For many first home buyers, the idea of buying a ‘starter’ home before their ‘dream’ not only makes sense but is the only path towards homeownership that they have. The ‘property ladder’ doesn’t get its name for no reason, as the path towards owning a home that ticks all of your boxes is a long path and one that passes your first, second, and even third home before finally ending up at the doorstep of your dream home.
In a report released in late 2018 by the Property Investment Professionals of Australia (PIPA), 36 per cent of first home buyers said that they had chosen to invest in property as ‘rentvesters’, continuing to live in a rented property while servicing the loan of their investment property.
With approximately a third of surveyed first home buyers dedicating their finances towards investment properties, it is clear that the current consumer behaviour of first home buyers is different to that of previous generations. Rather than buying and living in a first home that may, by budgetary constraints, be located further away from work, amenities, family, and friends, some first home buyers are rejecting the idea of a ‘starter’ home first to instead reap the benefits of being a renter while accumulating long term capital gains. With these gains, they hope to afford a more ‘ideal’ home in which to own and live. In other words, their dream home.
Reassessing the Australian Dream
Despite a third of first home buyers as surveyed by PIPA opting to be rentvestors rather than owner-occupiers as first home buyers, other studies have found that Australians overwhelmingly perpetuate traditional opinions towards homeownership.
Studying attitudes towards homeownership and alternatives to it in the Australian city of Sydney, Ernst & Young found that two out three Sydney residents thought renting was a waste of money.
This is understandable and is supported by a strong argument that is based on the longterm performance of the property market in Australia as a source for personal longterm wealth accumulation.
National median house and unit value:
According to Corelogic, the median house price since 1993 has increased by 412 per cent, providing longterm homeowners with the opportunity to accumulate wealth and eventually leverage their equity as investors to improve their living standards.
It is unsurprising that this sort of attitude towards homeownership as a form of forced savings, as early on in life as possible, has continued to maintain its influence and viability as a form of economic management in Australian life.
What is the alternative to buying a ‘starter’ home?
Aside from buying a ‘starter’ home or being a ‘rentvestor’, there is the option of diverting your savings towards an alternative form of investment and wealth accumulation as a method for eventually being able to afford your ‘dream’ home.
In a model produced by EY, the firm evaluated the financial success of two fictitious home seekers who both started out with the same amount of capital (20 per cent of the average unit price at the time of the model being produced). The first individual bought a home at an 80 per cent loan-to-value ratio and the second individual rented in the same area but invested in the ASX200 stock market with a margin loan-to-value ratio of 50 per cent.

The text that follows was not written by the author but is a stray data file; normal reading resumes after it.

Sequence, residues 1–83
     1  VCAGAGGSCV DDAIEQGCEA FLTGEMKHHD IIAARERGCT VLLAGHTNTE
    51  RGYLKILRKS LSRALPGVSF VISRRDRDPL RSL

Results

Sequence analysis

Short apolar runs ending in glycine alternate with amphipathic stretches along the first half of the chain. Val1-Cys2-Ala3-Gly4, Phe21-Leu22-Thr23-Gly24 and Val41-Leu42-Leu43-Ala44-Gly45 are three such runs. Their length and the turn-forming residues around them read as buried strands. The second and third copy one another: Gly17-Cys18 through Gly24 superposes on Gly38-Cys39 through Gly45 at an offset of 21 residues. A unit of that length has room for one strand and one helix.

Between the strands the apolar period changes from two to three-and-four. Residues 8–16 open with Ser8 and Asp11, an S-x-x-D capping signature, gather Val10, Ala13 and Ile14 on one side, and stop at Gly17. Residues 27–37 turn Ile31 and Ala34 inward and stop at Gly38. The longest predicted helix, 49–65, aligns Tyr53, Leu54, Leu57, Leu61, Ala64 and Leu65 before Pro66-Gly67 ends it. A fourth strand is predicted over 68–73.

EY calculated in their model that, when comparing 10-year periods, in 62 per cent of each equivalent 10-year period the renter/stock market investor was financially advantageous over the individual who had bought a unit.
What this model did not include were the outright and less visible costs of owning a home, which may have influenced the model’s result for the homeowner even more dramatically and negatively. On the other hand, the model chose to look at a homeowner who had bought a unit as a ‘starter’ home, rather than someone who had bought a ‘starter’ home that was an unattached dwelling, which may have generated larger wealth accumulation across a 10-year period and placed that individual in a greater financial situation across many of the 10-year periods.
What is clear is that there are alternatives available to young Australians over immediate homeownership. Homeownership may not necessarily be the best way to accumulate longterm wealth, while renting may allow individuals to maintain some of the economic and lifestyle advantages that come with it (i.e. opportunities to move for work and increased wages, no maintenance costs, proximity to work, savings on car ownership and travel).
Buying a ‘starter’ home is still a viable and arguably favourable option for first home buyers. Very few can afford to buy their ‘dream’ home if that means an unattached large dwelling that is within the inner city ring of a major city and that offers opportunities for further wealth generation. Of course, if your dream home is a small property in the country or a shared financial investment in a home with friends, than you may not have to wait for very long.